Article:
(Rangoon) – Burma’s government should act to end the prosecution of peaceful critics in violation of their right to free speech, Human Rights Watch said today. The National League for Democracy (NLD)-led government should seek to amend or repeal laws that criminalize nonviolent speech.

Burma’s donors should press the government to end prosecutions for peaceful expression and to release all those detained in violation of their basic rights.

Burma’s government should act to end the prosecution of peaceful critics in violation of their right to free speech.

“Though Burma’s new government includes more than 100 former political prisoners, it has done little to eliminate the laws used to prosecute peaceful expression,” said Brad Adams, Asia director. “Instead, during the government’s first year there was an escalation in prosecutions of peaceful political speech.”

Wai Phyo, the editor-in-chief of Eleven Media, and Than Htut Aung, its chief executive officer, are facing a criminal defamation trial on January 27, 2017, for a report alleging corruption by Rangoon’s chief minister, an NLD official, even though they issued a retraction of the article and an apology. The two had been in pretrial detention for nearly three months before being released on bail on January 6. Three previous requests for bail were denied.

Myo Yan Naung Thein, an NLD official, is facing up to three years in prison on defamation charges brought by an army colonel for a Facebook post that criticized the military’s handling of the October 9 attacks on border guard posts and subsequent violence in northern Rakhine State. Myo Yan Naung Thein, who has been jailed since his arrest on November 3, announced on January 18 that he was giving up seeking bail after it was denied for the third time.

The Burmese people expected the NLD government to bring an end to this kind of repression, not add to the ranks of political prisoners.

Brad Adams

Asia Director

Other recent defamation prosecutions include a case filed by a member of the Arakan National Party for alleged insults to the party chair, cases filed by two NLD members of parliament against a woman who criticized them for interfering in a dispute with her housemaid, and a case filed by a former MP in the army-backed Union Solidarity and Development Party against an individual who advised him to “do good deeds.” A woman who allegedly insulted State Counsellor Aung San Suu Kyi and an NLD member who alleged that a local administrator was stealing flood relief are among the many others facing prosecution.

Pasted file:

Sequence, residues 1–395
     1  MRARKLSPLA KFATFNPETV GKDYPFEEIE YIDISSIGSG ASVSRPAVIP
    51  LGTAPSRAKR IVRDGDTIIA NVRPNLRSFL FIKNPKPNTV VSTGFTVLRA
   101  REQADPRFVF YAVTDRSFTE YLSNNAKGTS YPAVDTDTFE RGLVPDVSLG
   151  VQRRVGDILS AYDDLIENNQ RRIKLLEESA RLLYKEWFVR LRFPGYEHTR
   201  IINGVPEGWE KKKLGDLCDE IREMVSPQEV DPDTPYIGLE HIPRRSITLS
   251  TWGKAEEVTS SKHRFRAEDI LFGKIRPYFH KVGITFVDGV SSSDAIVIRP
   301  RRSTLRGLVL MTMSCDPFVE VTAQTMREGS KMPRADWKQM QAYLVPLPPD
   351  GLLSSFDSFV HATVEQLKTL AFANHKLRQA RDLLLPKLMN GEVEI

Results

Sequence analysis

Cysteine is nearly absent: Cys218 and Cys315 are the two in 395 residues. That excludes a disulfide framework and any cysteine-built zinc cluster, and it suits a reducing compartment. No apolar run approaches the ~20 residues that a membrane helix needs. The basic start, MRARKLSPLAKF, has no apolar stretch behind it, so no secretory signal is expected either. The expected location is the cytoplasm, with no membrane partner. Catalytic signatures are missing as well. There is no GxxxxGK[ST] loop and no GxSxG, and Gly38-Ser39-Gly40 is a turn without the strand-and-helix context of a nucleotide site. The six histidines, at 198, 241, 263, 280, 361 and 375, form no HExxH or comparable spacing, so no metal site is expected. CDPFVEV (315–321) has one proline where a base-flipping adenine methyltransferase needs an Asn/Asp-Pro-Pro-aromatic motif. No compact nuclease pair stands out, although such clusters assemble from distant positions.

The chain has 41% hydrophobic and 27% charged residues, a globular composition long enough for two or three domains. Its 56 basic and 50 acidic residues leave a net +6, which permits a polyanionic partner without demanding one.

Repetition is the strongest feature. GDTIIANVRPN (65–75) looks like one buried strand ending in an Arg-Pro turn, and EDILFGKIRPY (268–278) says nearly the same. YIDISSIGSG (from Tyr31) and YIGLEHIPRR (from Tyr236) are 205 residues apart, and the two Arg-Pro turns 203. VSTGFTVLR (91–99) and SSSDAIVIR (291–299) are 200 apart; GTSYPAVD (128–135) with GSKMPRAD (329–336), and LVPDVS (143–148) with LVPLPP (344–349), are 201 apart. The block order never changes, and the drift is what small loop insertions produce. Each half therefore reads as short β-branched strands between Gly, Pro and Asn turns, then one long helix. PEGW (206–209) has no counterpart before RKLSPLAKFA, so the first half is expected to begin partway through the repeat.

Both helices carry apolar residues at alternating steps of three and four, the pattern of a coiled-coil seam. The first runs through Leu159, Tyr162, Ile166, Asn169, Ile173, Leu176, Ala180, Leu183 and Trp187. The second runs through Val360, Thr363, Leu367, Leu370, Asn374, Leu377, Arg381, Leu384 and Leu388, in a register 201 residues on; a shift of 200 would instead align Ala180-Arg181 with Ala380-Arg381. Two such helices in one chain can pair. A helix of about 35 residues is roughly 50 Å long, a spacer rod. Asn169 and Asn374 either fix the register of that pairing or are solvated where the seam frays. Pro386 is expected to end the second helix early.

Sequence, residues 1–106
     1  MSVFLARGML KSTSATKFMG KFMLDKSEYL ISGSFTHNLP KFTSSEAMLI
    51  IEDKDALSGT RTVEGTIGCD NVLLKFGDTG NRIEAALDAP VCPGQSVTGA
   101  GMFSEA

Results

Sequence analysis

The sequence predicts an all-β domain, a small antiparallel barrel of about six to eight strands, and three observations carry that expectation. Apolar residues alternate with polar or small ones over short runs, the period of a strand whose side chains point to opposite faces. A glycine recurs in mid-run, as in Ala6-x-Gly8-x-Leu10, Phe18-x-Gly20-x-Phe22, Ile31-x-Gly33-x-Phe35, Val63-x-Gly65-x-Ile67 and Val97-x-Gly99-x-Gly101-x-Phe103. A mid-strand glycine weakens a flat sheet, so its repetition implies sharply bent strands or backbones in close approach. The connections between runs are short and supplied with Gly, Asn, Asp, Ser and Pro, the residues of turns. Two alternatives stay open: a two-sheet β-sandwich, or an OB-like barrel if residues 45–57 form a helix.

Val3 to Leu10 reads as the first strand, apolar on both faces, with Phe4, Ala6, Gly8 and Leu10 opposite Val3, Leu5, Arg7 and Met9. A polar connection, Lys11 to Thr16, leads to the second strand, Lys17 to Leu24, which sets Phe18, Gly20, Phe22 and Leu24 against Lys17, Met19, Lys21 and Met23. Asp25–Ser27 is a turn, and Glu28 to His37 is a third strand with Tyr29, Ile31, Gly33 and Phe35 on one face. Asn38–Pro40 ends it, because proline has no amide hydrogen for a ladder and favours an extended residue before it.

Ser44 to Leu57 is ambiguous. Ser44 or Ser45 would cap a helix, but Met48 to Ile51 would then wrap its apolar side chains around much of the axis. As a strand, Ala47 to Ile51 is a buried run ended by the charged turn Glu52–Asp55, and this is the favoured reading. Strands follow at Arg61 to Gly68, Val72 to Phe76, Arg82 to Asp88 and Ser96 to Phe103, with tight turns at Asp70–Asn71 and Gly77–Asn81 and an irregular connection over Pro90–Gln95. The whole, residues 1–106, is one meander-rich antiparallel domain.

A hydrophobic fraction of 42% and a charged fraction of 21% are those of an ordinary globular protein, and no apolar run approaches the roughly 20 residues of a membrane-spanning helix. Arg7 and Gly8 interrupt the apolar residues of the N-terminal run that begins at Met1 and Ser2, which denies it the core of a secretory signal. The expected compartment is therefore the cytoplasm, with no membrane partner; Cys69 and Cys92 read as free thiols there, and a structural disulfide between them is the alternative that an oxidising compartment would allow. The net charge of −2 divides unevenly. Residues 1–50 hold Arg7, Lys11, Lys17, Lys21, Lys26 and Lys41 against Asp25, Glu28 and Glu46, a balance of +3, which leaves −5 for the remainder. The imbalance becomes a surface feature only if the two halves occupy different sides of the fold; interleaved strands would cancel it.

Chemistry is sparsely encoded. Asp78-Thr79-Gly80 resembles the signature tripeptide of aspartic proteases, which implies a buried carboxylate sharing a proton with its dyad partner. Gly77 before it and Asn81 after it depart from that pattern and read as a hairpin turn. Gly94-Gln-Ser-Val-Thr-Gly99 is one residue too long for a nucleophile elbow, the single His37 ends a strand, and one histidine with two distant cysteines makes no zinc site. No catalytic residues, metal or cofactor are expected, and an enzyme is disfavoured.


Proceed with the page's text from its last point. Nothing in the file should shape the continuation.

Over the past year, Burmese authorities have been particularly aggressive in the use of section 66(d) of the 2013 Telecommunications Act. The law criminalizes defamation on the internet with a penalty of up to three years in prison. Those facing charges under the law are not entitled to bail, and many are detained for months pending trial.

According to a civil society group headed by Maung Saungkha – who served six months in prison for allegedly defaming former President Thein Sein in a poem – at least 40 cases have been filed under section 66(d) during the first eight months the new government has been in office, compared with seven during the more than two-year period between the law’s enactment and when the new government took over at the beginning of April 2016.

Those convicted under the law in recent months have received relatively long prison sentences. One man was sentenced to nine months in prison in a case filed by an NLD official for calling President Htin Kyaw an “idiot” and “crazy.” Another man was sentenced to two years in prison in a case filed by an army colonel for posting digitally altered images of the commander-in-chief on social media.

“Democratic governments don’t imprison those who criticize or somehow ‘insult’ government officials or the military,” Adams said. “The Burmese people expected the NLD government to bring an end to this kind of repression, not add to the ranks of political prisoners.”

Burma’s colonial-era penal code also continues to be used to prosecute peaceful expression. Authorities have charged activist Khine Myo Htun with “incitement” and making statements that could “alarm” the public for allegedly accusing the military of committing war crimes in Rakhine State. Khine Myo Htun, who has been denied bail since his arrest in July, faces up to two years in prison on each charge. Veteran activist Htin Kyaw has been charged with making a statement “that may impede a member of the Tatmadaw [army] in the execution of their duty,” for statements criticizing the military.

The use of criminal defamation laws runs counter to increasing international recognition that imposing criminal penalties for defamation is not a justifiable restriction on freedom of speech. All criminal defamation laws should be abolished and, where necessary, replaced with civil defamation laws.

“The NLD should be using its majority in parliament to amend or repeal abusive laws, not filing criminal charges against people expressing their opinions,” Adams said. “Until that’s done, President Htin Kyaw should discourage future prosecutions by announcing that he will use his pardon power in all cases involving peaceful expression, and avoid heading down the path of previous military governments which the NLD rightly criticized.”